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November 2008

American Classic: Hiking the Appalachian Trail

In this ultimate guide to the country's favorite footpath, you'll find our picks for the best hiking and camping, and a complete plan for thru-hikers. Plus, meet a man who has made it his job to help AT hikers.

Want in-depth, expert help planning your thru-hike? Click here to sign up for our upcoming Thru-Hiking 101 class with professional hiker Liz “Snorkel” Thomas. This six-week online class covers everything you need to know to plan and finish the long-distance hike of your dreams. Begins January 12, 2016.

Dreaming of a thru-hike? Prepare for success by learning the obstacles–and how to beat them.

Don’t let the length of the AT confuse things: It’s a hike, not an Everest expedition. Get started on the right path by dispensing with three common AT myths:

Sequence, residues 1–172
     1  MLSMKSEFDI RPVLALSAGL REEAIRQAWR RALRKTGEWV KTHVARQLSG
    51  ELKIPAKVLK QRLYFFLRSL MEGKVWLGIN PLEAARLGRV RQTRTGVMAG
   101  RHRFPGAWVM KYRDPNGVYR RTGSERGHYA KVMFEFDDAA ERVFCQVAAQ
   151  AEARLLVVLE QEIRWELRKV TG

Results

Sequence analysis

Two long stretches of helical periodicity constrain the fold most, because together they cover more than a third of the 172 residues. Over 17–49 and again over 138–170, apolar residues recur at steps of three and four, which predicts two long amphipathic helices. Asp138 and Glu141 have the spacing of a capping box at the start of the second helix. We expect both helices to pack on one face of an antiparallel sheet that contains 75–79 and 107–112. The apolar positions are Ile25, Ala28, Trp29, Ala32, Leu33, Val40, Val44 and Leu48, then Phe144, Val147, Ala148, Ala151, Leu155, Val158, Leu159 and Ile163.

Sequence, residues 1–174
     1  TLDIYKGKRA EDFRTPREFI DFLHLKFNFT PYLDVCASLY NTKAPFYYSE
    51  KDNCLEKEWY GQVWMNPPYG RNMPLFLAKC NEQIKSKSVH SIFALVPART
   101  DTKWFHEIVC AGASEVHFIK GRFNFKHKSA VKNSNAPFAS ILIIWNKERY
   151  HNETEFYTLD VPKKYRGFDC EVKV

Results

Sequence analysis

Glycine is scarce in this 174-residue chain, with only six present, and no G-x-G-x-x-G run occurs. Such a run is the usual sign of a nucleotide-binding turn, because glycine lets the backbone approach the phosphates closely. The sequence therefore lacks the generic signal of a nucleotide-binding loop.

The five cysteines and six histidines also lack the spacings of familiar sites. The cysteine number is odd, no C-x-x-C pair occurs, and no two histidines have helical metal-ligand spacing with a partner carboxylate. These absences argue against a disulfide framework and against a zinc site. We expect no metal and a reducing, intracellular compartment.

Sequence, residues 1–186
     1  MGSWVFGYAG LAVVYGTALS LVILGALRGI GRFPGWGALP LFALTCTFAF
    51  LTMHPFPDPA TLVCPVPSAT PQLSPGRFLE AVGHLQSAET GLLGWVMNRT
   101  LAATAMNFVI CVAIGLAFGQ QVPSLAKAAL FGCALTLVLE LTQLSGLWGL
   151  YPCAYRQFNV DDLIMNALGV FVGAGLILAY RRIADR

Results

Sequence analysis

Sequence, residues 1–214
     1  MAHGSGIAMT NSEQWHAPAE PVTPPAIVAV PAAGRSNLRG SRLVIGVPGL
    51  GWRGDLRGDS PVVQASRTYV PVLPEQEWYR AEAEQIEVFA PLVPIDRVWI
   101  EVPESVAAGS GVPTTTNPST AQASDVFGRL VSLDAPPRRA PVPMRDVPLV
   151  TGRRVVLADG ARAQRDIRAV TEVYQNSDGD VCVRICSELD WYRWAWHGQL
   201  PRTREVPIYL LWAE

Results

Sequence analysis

1) Planning: Ignore those who recommend an organizational jump-start six or eight months in advance. Calculating where you’ll camp every night is an exercise in futility, and spending thousands of dollars shipping resupply boxes across 14 states from Maine to Georgia is a waste of time and money (see "Hike Smart").

Hiker to Hiker
What it takes: Essential qualities for a successful thru-hiker include "a sturdy physique, exceptional determination, and ingenious adaptability." –Earl Shaffer, a World War II veteran who became the world’s first thru-hiker when he walked the AT end-to-end in 1948. He used road maps to navigate.

2) Gear: There’s no magic product. Sure, you should carry less than 30 pounds total with food and water (check page 53 for help), but remember: Even a one-pound pack can’t walk for you.

3) Mileage: It’s not important to stay "on pace" for the first month. In fact, the opposite is true. Nothing kills a thru-hike faster than going too far, too soon (see "Hike Smart" for how to master the first 40 days).

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